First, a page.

In principle, any material of plant or animal origin, including textiles, wood, bones and leather, can be dated by its content of carbon 14, a radioactive form of carbon in the environment that is incorporated by all living things.
Scientists at the Lamont-Doherty Geological Laboratory of Columbia University at Palisades, N.
Y., reported today in the British journal Nature that some estimates of age based on carbon analyses were wrong by as much as 3,500 years.
Permafrost—soil that remains frozen year-round—lies underneath the moss, needles and topsoil of the site.
As that permafrost thaws, the ground above it can sink, knocking trees askew and forming pools of water called thermokarst lakes.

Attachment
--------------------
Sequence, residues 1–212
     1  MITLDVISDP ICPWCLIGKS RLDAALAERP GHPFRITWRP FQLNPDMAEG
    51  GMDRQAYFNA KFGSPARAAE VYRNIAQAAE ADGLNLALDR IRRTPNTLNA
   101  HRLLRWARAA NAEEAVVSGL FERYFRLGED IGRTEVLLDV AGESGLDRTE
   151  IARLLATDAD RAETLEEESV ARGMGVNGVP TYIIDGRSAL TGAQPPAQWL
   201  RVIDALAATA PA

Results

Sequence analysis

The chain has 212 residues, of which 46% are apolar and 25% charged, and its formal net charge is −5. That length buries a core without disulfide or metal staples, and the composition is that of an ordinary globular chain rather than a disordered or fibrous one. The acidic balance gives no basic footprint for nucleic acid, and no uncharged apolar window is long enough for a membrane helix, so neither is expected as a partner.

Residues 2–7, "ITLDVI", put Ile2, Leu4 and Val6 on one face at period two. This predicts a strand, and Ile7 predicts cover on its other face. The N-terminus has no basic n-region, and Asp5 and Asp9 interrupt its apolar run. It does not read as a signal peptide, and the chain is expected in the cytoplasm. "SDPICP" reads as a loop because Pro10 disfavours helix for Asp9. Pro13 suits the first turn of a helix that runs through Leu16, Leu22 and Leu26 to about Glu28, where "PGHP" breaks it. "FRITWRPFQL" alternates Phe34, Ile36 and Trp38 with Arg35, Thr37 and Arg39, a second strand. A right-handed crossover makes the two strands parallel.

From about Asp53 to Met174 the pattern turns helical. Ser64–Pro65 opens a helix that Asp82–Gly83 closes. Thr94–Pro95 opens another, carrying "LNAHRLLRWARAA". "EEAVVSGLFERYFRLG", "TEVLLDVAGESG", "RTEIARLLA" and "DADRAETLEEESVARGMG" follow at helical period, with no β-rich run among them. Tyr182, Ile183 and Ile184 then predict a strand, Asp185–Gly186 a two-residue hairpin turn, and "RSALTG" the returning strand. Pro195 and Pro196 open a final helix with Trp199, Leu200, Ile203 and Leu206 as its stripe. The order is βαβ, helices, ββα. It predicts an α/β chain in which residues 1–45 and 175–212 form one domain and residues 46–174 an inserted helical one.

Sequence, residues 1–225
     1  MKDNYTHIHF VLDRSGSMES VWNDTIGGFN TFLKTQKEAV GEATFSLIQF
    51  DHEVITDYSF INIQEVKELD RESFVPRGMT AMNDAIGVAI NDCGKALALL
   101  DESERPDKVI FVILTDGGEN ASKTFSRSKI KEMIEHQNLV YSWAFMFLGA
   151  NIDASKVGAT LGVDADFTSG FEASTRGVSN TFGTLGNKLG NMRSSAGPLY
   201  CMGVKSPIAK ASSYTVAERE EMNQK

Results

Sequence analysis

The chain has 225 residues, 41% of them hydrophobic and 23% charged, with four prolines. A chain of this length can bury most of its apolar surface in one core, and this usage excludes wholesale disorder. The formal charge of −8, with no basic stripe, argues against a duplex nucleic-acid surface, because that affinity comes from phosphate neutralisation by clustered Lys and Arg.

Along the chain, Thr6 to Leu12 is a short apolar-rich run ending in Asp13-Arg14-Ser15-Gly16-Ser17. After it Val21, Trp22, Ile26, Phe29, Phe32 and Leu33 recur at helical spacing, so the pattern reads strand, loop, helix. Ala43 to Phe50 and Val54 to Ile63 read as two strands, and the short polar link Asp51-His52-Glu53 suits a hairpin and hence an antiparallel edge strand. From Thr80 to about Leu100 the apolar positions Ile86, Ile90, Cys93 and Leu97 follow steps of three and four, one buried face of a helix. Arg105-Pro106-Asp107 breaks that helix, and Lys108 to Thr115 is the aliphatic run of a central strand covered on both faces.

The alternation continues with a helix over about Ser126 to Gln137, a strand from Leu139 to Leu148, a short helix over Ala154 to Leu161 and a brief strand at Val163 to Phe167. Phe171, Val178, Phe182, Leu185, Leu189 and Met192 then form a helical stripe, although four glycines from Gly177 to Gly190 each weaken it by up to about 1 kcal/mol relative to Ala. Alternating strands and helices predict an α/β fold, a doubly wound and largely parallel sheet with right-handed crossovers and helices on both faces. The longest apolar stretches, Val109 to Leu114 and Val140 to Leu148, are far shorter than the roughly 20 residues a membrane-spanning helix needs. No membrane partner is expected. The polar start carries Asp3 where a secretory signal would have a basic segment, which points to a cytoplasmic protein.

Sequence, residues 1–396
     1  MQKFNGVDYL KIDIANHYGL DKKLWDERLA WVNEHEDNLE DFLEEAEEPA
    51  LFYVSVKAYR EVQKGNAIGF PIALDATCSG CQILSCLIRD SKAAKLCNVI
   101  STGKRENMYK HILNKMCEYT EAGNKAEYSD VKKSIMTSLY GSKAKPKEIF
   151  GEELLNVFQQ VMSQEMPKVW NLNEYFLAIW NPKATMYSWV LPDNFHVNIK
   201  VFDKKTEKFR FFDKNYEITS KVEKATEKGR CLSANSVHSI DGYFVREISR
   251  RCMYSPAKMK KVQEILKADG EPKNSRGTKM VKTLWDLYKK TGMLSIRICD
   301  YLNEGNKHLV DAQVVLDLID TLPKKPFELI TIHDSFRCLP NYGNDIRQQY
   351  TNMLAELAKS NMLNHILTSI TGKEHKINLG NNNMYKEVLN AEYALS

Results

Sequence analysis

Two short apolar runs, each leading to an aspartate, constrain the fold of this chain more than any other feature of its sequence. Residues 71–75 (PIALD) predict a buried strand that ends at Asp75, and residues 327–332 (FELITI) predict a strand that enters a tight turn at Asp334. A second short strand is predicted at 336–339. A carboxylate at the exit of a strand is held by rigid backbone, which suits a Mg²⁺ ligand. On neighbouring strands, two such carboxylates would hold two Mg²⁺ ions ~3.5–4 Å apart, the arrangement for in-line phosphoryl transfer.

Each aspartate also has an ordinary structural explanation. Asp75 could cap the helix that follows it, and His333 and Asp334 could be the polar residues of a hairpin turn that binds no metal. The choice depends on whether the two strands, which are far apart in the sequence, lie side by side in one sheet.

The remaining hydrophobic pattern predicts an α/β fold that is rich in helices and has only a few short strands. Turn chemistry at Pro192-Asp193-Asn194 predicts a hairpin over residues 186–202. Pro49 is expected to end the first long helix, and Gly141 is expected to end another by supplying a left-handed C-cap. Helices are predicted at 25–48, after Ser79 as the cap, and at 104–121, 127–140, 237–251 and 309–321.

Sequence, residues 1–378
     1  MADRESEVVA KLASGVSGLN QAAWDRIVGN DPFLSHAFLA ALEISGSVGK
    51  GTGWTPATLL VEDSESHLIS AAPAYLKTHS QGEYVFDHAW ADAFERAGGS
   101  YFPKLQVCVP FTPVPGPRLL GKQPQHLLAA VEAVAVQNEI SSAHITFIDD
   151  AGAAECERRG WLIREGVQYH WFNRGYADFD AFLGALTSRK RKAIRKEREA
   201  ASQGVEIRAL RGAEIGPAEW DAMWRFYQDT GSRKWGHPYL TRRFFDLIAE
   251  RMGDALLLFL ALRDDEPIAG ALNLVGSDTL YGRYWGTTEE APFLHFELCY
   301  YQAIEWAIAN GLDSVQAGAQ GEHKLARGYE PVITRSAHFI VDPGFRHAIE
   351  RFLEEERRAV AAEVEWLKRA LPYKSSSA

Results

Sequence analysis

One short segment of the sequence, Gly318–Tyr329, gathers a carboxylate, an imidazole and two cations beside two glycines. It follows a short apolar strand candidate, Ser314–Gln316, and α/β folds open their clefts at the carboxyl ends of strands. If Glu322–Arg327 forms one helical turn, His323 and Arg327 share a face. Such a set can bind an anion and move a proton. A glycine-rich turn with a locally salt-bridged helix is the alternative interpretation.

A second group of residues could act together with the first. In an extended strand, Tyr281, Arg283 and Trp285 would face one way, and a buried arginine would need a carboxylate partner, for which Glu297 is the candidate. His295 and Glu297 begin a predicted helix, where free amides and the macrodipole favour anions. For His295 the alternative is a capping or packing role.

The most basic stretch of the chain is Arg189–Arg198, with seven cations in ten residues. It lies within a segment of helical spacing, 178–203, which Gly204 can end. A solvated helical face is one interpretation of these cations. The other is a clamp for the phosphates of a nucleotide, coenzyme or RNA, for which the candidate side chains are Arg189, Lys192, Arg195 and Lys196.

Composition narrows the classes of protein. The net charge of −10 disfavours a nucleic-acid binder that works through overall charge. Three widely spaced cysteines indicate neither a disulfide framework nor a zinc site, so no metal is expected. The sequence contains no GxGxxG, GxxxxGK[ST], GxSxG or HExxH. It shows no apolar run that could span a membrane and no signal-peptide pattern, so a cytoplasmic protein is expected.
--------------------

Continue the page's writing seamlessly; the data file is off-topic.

Methane bubbles pop on the surface of a lake near Fairbanks, Alaska.
Thawing permafrost in the lakebed soils releases old carbon, which microbes eat up and turn into methane. There are bubbles popping up among the reeds, like bubbles from a fish tank aerator. Some of them are not growing in the directions trees normally do.
by Kate Ramsayer / FAIRBANKS, ALASKA / At first glance, it looks like a typical, picture-perfect lake.
But scan the reeds along the shore of this pool on the outskirts of Fairbanks, or glance at the spruce trees lining the banks, and you notice something different is going on.
It is too soon to know whether the discovery will seriously upset the estimated dates of events like the arrival of human beings in the Western Hemisphere, scientists said.